Experts Discuss Opportunities and Ethical Issues of AI in Health Care During Sunday’s Keynote Lecture

Artificial intelligence (AI) can potentially reduce health disparities if current biases are recognized and addressed, according to the experts who spoke during Sunday’s Fran Comi Keynote Lecture at the ATS 2024 International Conference.

Fatima Rodriguez, MD, MPH
Fatima Rodriguez, MD, MPH

Fatima Rodriguez, MD, MPH, associate professor of medicine at Stanford University, described her work using AI in opportunistic screening for cardiovascular disease. Matthew Decamp, MD, PhD, associate professor at the University of Colorado, discussed two key ethical issues in AI: bias and explainability.

Michael Howell, MD, MPH, chief clinical officer at Google, moderated the session.

Using AI to reduce disparities in cardiovascular disease prevention

Specialized gated computed tomography (CT) scans can detect coronary artery disease and prompt timely preventive actions. However, these scans are often inaccessible to historically marginalized groups.

“Like all new technologies, AI can inadvertently exacerbate health disparities,” said Dr. Rodriguez. “It is a promising tool, but not a standalone solution in cardiovascular disease prevention. Our implementation of AI should prioritize health equity and mitigate structural bias.”

Matthew Decamp, MD, PhD
Matthew Decamp, MD, PhD

She sees an opportunity to use AI to evaluate the nearly 20 million non-gated chest CT scans performed every year for reasons other than cardiovascular risk, including cancer screening and staging.

The AI algorithm deep learning coronary artery calcium (DL-CAC) predicts cardiovascular risk scores across diverse groups of patients using non-gated CT scans. In a quality improvement study, Dr. Rodriguez used DL-CAC to identify high-risk patients and reach out to the patient and primary care provider, recommending that the patient go on a statin. She showed that among patients with incidental coronary artery calcium who were not notified, only seven percent received statins; among those identified by DL-CAC and alerted to their risk, more than 50 percent received statins.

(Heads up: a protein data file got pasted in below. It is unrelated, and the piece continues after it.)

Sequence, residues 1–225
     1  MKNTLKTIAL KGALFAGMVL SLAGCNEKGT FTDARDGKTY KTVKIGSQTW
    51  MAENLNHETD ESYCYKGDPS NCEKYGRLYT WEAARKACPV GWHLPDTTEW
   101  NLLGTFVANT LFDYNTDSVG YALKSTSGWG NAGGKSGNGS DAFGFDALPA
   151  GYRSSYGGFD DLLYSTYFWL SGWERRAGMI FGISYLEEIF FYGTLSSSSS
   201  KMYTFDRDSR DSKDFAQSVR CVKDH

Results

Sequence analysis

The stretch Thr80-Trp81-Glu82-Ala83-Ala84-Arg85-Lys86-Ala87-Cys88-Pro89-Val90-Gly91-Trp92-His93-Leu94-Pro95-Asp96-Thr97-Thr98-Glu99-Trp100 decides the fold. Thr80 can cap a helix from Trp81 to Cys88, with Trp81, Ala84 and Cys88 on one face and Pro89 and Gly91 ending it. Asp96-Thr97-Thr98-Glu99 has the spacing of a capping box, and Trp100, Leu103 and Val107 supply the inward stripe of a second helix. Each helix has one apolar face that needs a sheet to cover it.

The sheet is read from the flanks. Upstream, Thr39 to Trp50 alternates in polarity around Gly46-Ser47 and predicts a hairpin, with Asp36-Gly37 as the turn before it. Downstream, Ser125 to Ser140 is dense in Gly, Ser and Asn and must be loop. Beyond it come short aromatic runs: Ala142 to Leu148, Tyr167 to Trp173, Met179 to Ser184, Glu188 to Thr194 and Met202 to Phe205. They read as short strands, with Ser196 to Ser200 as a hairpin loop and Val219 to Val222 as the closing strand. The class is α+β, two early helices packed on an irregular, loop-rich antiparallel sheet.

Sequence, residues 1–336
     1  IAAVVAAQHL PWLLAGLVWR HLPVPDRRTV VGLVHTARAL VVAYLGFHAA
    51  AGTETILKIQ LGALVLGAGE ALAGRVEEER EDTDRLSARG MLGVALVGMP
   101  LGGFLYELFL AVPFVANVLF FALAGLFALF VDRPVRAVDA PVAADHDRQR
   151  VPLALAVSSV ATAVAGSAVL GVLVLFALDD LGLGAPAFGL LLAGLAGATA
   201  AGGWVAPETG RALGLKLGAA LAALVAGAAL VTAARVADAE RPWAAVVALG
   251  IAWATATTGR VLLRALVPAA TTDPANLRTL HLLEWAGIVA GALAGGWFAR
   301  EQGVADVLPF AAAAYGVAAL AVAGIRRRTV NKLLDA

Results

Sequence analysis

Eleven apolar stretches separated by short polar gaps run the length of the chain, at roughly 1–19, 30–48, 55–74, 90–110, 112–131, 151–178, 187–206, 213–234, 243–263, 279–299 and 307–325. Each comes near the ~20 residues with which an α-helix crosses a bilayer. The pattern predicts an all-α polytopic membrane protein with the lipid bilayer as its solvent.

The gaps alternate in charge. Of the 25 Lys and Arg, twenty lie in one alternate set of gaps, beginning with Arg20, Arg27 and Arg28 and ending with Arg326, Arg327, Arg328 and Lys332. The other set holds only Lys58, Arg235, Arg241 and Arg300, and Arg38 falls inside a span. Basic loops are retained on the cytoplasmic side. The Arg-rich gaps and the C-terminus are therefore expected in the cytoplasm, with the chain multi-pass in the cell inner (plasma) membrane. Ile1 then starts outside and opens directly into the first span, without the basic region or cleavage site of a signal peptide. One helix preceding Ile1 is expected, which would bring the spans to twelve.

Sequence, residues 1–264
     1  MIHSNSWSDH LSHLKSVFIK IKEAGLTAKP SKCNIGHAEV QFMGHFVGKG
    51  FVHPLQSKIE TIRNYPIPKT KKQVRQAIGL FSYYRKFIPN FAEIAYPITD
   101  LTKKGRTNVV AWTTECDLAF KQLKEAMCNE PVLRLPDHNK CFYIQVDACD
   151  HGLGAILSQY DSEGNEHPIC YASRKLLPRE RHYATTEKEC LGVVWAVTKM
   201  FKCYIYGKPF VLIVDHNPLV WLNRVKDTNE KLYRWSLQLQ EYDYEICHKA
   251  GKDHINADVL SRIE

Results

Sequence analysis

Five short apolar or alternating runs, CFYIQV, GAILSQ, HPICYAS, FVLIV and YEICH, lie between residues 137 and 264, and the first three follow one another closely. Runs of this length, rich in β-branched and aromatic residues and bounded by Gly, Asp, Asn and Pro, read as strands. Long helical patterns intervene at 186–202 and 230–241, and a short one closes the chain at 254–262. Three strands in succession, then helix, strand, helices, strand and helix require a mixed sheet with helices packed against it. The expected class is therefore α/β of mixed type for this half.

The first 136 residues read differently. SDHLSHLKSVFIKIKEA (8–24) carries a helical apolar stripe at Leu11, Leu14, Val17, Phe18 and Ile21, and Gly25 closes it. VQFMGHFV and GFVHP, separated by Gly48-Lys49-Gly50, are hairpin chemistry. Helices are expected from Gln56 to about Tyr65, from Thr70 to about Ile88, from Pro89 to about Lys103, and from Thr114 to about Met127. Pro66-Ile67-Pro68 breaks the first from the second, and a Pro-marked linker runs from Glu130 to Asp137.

Dr. Rodriguez described patients’ reactions to their images being analyzed by AI as mixed.

“Patients expressed optimism and hope around AI but were concerned about privacy and the use of their data,” she explained. “They felt strongly about having actionable insights and wanting their physician to be included in the conversation and not just have the AI speak for itself.”

Addressing bias and explainability in AI

Dr. Decamp described how bias is introduced into AI through biased datasets, processing, and output. Most of the focus has been on addressing bias within datasets by increasing the diversity of individuals represented in large biobanks, cohorts, and clinical trials. However, Dr. Decamp emphasized that researchers and clinicians must keep the bigger picture in mind.

“Biased data and processing may be just the tip of the iceberg,” he warned. “We wonder about latent biases, biases in the system waiting to happen.”

Addressing bias in AI requires engaging underrepresented communities, ensuring diversity in teams involved with data processing, and acknowledging underlying social and structural inequities. Dr. Decamp warned that proposed solutions, such as simulating diversity or establishing “fair AI” labels, were insufficient.

“These are short-term fixes to circumvent long-term social justice and community engagements,” he said. “We must identify fairness issues and tradeoffs and make sure that they are measured and reported, not hidden.”

He noted that explainability, understanding how an AI algorithm comes up with its interpretation, won’t fix bias either.

“Bias in AI is more than a data problem; it’s a social problem,” he said. “And while explainability is important, it won’t fix bias.”

Don’t Miss ATS 2024 Highlights: On Demand

Don’t forget that ATS 2024 Highlights: On Demand are available to all conference registrants! On Demand will give you access to the Opening Ceremony, Plenary Session, Keynote Series, Clinical Year in Review, Adult Clinical Core Curriculum, and so much more. The topics will cover ILD, asthma, health equity, and CF, to name just a few. On Demand content will be accessible to all ATS 2024 full conference and On Demand registrants until March 2025.